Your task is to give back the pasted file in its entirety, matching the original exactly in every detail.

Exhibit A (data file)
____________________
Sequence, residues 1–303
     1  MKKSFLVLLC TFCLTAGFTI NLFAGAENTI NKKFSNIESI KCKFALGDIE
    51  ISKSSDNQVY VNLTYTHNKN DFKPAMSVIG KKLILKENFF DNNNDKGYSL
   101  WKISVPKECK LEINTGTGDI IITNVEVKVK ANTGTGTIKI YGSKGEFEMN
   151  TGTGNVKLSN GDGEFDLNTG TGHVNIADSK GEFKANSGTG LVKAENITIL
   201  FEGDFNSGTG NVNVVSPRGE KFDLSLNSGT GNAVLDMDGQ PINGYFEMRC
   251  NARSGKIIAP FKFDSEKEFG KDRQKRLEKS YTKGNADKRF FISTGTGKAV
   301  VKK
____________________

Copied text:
Sequence, residues 1–303
     1  MKKSFLVLLC TFCLTAGFTI NLFAGAENTI NKKFSNIESI KCKFALGDIE
    51  ISKSSDNQVY VNLTYTHNKN DFKPAMSVIG KKLILKENFF DNNNDKGYSL
   101  WKISVPKECK LEINTGTGDI IITNVEVKVK ANTGTGTIKI YGSKGEFEMN
   151  TGTGNVKLSN GDGEFDLNTG TGHVNIADSK GEFKANSGTG LVKAENITIL
   201  FEGDFNSGTG NVNVVSPRGE KFDLSLNSGT GNAVLDMDGQ PINGYFEMRC
   251  NARSGKIIAP FKFDSEKEFG KDRQKRLEKS YTKGNADKRF FISTGTGKAV
   301  VKK